What is normal anyway?

Sherry Cracker Gets Normal by D J Connell Sherry Cracker is not a normal girl – she’s a loner, loves tartan trousers, facts, and obsessively documents all the graffiti she sees around her town in her ‘OBSERVATIONS’ file. She works for Chinese businessman Mr Chin, in an office above the closed-down cinema, where they buy Read More

Book Group Report – In search of dragons …

Jamrach’s Menagerie by Carol Birch This story of young Jaffy Brown and his adventures, starting with an encounter with an escaped tiger, was another really good book group choice.  We all throroughly enjoyed this impeccably researched and ultimately rather gory tale of exploration and shipwreck in Victorian times. The Guardian’s review of the book tells Read More

Getting the right man for the job …

Republished into my blog’s timeline from my lost posts archive – and for the 1968 club. True Grit by Charles Portis This was our Book Group choice for reading in March.  It’s fair to say that while no-one hated it, not everybody loved it like I did.  One thing that we were all agreed on Read More

3 from March 2011 – Handler – Reed – Fredericks

Adverbs by Daniel Handler – Lemony Snicket for Grown-ups 3 from March 2011 This author is best known as the writer of the fun Lemony Snicket series of novels for children.  I’ve read the first Lemony Snicket novel, and heard the audiobook narrated by Tim Curry, (I just love his voice!) and one day intend to read the rest of the Read More

Two 2011 reviews set during WWII: Fallada & Dogar

Alone in Berlin by Hans Fallada Translated by Michael Hofmann I was put off reading this book for months, anticipating that it would be too difficult, too philosophical, too heavy; also that being 608 pages including appendices it would take too long to read.  I was wrong on all accounts. Alone in Berlin was written in just Read More

3 reviews from Jan 2011: Hornby, Jensen & Gaiman

Juliet Naked by Nick Hornby I don’t know how he does it, but there’s something about a Nick Hornby book that so hooks me, that I feel part of the story – I can always identify with some of the characters. Juliet Naked is the story of a lost rock star, a completist fan and his Read More

An author I’ll always look out for …

Daniel Woodrell …is barely known in this country, but has started to increase his profile a little with the release of a highly acclaimed film (it won at Sundance) made of his 2006 novel Winter’s Bone.  He’s actually written eight novels, all of them set in the area he knows best – the Missouri Ozarks – Read More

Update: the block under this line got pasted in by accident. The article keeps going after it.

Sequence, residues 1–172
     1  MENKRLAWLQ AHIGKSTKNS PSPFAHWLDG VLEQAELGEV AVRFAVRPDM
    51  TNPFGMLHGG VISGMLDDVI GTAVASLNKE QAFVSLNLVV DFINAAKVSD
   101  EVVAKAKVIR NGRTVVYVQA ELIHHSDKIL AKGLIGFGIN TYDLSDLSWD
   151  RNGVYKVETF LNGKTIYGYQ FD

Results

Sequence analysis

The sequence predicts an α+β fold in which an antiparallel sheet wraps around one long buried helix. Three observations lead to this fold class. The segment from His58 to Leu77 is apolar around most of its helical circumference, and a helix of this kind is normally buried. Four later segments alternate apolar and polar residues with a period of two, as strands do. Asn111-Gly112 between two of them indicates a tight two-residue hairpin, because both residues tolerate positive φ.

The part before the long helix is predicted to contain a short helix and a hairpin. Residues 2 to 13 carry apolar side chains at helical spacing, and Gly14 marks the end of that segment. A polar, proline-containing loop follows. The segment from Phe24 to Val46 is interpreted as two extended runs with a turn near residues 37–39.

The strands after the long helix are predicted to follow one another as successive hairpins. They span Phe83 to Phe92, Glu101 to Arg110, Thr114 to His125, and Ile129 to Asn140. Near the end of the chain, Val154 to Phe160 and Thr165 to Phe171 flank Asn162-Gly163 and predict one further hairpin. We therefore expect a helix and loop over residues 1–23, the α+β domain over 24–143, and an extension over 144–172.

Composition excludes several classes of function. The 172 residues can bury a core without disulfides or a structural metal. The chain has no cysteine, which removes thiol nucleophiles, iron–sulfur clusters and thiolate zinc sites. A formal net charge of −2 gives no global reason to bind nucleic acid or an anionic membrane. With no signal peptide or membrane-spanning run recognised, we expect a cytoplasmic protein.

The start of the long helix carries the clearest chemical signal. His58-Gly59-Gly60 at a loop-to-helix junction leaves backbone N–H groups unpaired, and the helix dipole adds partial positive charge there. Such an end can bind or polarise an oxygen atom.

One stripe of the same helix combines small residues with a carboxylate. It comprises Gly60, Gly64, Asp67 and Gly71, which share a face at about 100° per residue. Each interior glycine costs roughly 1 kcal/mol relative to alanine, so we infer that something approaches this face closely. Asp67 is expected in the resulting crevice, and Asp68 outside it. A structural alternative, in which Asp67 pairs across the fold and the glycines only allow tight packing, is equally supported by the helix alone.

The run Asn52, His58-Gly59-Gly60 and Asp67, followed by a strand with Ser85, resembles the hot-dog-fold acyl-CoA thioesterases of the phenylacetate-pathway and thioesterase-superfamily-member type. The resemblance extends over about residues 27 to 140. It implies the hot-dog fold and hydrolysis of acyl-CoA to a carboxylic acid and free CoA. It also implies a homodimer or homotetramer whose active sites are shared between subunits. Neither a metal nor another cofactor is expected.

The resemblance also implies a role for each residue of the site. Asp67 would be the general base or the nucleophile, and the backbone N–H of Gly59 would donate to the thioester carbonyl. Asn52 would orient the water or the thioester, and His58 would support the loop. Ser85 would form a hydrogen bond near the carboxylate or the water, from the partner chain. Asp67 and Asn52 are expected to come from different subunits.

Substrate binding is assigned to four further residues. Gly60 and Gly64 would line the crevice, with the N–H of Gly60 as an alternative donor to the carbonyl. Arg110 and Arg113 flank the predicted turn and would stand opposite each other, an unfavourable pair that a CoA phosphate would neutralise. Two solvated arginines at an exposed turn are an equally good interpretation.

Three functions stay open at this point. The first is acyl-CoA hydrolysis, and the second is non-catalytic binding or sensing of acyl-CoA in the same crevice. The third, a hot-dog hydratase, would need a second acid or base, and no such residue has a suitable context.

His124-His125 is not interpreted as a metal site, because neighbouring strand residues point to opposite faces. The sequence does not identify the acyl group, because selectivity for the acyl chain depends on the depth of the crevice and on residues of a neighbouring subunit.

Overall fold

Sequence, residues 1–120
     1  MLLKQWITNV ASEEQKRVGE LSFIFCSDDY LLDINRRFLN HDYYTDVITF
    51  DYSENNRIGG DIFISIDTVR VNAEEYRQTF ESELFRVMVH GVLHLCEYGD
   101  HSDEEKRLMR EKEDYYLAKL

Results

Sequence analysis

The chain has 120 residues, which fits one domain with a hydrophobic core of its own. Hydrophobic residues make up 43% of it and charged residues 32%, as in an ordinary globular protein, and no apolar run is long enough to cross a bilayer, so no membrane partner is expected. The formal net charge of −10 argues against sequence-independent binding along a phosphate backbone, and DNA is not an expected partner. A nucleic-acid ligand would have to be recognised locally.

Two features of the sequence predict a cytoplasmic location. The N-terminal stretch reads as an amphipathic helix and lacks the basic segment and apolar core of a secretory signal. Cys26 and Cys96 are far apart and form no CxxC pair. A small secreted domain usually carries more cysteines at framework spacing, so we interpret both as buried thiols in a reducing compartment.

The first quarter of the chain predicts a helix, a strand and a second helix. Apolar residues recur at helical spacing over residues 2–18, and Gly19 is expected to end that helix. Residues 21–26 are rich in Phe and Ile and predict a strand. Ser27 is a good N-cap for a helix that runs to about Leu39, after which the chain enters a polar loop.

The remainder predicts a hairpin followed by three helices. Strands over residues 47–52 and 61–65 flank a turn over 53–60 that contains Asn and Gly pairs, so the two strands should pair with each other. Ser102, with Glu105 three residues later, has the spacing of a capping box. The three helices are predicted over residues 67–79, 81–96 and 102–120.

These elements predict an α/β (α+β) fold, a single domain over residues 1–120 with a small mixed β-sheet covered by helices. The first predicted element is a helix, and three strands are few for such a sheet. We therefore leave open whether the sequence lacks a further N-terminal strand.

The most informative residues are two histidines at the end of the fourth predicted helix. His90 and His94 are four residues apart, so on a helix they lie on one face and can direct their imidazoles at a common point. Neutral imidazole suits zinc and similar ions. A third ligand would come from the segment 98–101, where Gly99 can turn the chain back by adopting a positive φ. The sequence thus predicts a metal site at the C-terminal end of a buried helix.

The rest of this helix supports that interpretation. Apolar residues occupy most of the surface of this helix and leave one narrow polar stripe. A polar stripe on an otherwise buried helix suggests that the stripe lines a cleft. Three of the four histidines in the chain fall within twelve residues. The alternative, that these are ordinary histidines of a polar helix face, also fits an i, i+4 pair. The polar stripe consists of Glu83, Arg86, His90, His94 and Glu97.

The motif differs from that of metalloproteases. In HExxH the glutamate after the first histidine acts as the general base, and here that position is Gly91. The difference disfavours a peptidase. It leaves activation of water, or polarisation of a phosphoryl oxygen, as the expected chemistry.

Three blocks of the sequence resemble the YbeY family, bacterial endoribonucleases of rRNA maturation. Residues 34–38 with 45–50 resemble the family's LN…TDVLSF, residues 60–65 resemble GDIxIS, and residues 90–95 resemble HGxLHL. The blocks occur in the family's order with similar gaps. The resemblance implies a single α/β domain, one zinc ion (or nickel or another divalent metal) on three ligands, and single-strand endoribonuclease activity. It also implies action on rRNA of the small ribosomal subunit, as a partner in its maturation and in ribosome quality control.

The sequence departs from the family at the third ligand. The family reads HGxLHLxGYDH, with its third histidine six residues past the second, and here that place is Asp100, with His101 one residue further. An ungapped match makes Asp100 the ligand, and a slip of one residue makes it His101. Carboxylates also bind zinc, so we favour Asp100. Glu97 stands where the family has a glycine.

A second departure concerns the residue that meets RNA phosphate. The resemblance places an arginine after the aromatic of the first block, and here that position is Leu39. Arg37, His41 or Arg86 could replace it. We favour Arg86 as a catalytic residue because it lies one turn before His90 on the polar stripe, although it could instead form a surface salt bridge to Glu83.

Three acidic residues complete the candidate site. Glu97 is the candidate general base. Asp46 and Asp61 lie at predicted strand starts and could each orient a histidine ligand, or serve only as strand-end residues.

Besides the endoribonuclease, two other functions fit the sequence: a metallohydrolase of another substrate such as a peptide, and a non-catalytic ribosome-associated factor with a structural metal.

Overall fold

Sisters are doing it …

The Story Sisters by Alice Hoffman Elv, Claire and Meg Story are sisters.  They’re extremely close, inventing a language all of their own – Arnish – even their mother is excluded from their fantasy world, and the younger two are always rapt with Elv’s storytelling about the fairy land of Arnelle.  Theirs is a world full Read More

Return of the Living Dead …

It’s that time of year again when I fit a few spooky novels into my October reading plans.  Last year I read only vampire stories – this year I’m ranging more widely for fearsome creatures and I’ve started off with a ‘Teen Gothic’ novel about werewolves… Claire De Lune by Christine Johnson Claire is just a Read More

Kill or cure

The Poison Diaries by Maryrose Wood (and the Duchess of Northumberland). The Duchess of Northumberland is the mastermind behind the wonderful Alnwick Garden adjoining her family’s ancestral pile, Alnwick Castle, in Northumberland. I visited last year and found it a wonderful attraction. One of the (many) highlights of the Garden is the Duchess’ special project Read More

You’ll never look at your neighbours in the same way again!

The Radleys by Matt Haig Don’t let the next sentences turn you off this book, for I thought it was brilliantly original and I loved it.  The Radleys is being given the full crossover novel treatment with a young adult edition, however I firmly believe that it is an adult book (pictured) that teens will enjoy rather than Read More

How can you cheat death when you’re only 14 …

The Death Defying Pepper Roux by Geraldine McCaughrean One of my friend Julia’s recommendations, this is yet another wonderful crossover book by children’s author Geraldine McCaughrean. Surely it must be her turn as Children’s Laureate soon … Imagine your aunt had prophesied that you would die at the age of fourteen, and worse still that Read More

One New Year a young man’s fancy lightly turns to thoughts of love …

When the Snow Fell by Henning Mankell A coming of age novel set in a small lumber town in northern Sweden during the 1950s. Joel’s mother left when he was seven, so he’s grown up looking after himself and his father, who’s prone to the odd bender and never has any money. Joel has reached Read More

The Perks of Being a Wallflower by Stephen Chbosky

Written as an intimate diary in letter form to an unknown addressee, this novel chronicles the first year in High School of Charlie. Charlie has a tendency to be rather passive, introspective, and prone to burst into tears; well – his best friend has recently committed suicide! Though quiet, Charlie is clever which is recognised Read More